all pairs of items in a list without indexing?

Alex Martelli aleaxit at
Wed Sep 29 19:16:35 CEST 2004

Steven Bethard <steven.bethard at> wrote:
> So slicing a list and iterating over the slice is faster than iterating over
> the indices and indexing the items...  Is this generally true?  Is it
> something I can depend on across implementations?

Unfortunately, nothing can forbid a new implementation, or even a new
release of an existing implementation, acquiring some special new
optimization that makes a technique that used to be slower suddenly
faster.  And if it _was_ possible to forbid optimizations, you wouldn't
really want to, anyway -- a potential optimization of some _other_
technique wouldn't damage the solution you've chosen, anyway, except in
terms of "relative standing" vs the now-optimized alternative.

Since using the slice is simpler, and at least for now it's also faster
(so it won't become _too_ slow anyway), that's what I would suggest.  As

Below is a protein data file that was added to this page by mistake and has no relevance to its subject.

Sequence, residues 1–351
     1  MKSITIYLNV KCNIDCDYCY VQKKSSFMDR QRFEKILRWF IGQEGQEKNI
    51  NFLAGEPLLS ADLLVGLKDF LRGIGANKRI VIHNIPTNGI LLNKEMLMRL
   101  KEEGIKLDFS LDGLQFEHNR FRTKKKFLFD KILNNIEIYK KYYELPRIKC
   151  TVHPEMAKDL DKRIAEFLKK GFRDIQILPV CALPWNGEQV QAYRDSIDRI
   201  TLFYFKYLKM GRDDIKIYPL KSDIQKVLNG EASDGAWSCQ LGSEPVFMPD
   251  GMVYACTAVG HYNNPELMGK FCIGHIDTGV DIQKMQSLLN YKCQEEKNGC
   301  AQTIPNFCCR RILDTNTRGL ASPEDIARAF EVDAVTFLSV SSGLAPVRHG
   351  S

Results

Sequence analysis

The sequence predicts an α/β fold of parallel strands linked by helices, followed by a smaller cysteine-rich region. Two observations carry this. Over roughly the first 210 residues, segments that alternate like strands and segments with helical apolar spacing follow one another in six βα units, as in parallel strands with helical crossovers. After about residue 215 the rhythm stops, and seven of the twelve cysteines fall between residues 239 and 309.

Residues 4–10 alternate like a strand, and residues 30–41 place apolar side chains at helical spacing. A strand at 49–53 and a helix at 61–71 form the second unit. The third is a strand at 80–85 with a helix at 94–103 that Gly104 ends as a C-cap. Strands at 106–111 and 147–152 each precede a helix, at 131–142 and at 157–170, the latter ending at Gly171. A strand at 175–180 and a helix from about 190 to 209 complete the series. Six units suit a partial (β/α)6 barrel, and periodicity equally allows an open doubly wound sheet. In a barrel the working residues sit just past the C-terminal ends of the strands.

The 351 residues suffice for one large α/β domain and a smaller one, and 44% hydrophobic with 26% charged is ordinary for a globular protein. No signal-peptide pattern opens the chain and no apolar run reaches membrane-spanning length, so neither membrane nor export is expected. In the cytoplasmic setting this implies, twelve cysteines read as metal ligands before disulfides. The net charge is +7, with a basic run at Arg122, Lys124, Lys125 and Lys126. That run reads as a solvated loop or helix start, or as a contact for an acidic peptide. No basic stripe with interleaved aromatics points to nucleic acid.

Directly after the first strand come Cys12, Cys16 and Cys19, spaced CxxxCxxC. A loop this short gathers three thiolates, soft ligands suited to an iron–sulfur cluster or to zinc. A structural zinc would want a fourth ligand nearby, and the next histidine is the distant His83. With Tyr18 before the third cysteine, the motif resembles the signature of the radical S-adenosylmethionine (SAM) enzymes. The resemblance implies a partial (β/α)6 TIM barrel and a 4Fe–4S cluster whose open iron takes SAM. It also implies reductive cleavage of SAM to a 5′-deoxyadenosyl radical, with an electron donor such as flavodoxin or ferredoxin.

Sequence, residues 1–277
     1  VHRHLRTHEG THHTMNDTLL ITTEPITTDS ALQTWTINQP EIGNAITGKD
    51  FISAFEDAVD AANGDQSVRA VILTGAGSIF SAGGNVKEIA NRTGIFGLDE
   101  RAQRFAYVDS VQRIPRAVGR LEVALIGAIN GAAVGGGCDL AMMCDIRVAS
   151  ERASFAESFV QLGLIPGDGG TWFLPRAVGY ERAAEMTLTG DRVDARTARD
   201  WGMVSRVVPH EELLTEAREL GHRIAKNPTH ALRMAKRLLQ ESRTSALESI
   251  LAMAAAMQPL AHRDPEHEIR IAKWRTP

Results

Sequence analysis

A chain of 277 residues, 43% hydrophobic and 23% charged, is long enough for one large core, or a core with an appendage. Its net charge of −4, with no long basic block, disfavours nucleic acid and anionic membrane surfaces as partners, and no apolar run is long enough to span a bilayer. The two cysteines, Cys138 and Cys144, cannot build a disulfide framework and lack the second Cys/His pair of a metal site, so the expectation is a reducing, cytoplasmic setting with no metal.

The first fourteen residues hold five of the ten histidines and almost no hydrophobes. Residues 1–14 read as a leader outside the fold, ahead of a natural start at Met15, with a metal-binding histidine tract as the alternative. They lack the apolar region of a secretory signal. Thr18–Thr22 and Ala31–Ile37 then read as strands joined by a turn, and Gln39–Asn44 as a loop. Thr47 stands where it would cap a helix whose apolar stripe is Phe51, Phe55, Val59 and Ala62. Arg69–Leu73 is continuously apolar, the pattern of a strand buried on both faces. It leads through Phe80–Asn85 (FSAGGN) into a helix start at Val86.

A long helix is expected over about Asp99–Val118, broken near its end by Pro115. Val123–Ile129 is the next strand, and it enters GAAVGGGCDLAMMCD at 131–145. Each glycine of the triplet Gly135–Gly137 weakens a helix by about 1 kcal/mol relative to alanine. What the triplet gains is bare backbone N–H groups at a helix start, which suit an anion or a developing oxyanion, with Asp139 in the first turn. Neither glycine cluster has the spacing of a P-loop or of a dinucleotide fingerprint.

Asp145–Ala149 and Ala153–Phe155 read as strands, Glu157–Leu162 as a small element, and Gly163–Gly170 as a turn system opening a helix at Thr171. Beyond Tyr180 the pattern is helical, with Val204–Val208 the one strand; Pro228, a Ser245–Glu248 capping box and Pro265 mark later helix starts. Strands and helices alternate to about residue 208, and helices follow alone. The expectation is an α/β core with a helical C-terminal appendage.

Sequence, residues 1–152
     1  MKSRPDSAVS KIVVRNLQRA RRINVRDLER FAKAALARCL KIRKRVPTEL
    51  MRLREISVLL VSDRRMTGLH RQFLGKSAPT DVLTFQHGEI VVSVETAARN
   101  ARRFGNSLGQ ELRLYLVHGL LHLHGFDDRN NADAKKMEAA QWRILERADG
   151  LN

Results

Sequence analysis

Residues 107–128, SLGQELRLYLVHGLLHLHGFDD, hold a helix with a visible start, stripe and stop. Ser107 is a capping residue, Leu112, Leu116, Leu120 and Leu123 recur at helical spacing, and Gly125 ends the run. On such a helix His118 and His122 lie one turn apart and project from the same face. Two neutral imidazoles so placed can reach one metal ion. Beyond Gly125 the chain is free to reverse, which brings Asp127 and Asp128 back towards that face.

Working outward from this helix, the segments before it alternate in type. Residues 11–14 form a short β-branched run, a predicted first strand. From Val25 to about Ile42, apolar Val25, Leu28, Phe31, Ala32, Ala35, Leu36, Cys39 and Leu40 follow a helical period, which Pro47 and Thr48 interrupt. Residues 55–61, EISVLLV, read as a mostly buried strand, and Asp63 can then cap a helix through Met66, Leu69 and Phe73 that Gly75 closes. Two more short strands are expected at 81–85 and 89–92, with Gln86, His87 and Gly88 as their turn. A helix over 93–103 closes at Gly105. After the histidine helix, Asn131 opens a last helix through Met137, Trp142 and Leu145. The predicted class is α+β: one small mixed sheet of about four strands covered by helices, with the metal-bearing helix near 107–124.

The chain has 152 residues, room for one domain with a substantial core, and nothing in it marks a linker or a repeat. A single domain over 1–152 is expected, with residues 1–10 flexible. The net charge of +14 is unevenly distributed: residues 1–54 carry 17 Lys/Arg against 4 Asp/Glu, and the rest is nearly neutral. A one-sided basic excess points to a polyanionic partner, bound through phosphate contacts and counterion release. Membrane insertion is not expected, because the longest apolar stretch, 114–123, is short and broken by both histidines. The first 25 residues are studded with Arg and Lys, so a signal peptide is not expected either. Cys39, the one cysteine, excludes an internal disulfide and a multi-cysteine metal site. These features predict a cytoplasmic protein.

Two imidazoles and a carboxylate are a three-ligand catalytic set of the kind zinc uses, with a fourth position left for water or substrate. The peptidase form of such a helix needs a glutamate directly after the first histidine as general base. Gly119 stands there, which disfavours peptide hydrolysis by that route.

a precaution you might want to use a 'virtual slice' through a function
such as:

def vslice_from(alist, start):
    ''' returns some iterable x such that "for i in x:" is exactly
        equivalent to "for i in alist[start:]:". '''
    return alist[start:]

so that you can experiment with alternatives without having to modify
most of your code, just through alterations to vslice_from.  E.g.

import itertools
def vslice_from(alist, start, islice=itertools.islice):
    return islice(alist, start, len(alist))


def vslice_from(alist, start):
   for i in xrange(start, len(alist)): yield alist[i]

or even customized pyrex or C implementations if your quest for the
ultimate performance needs them...


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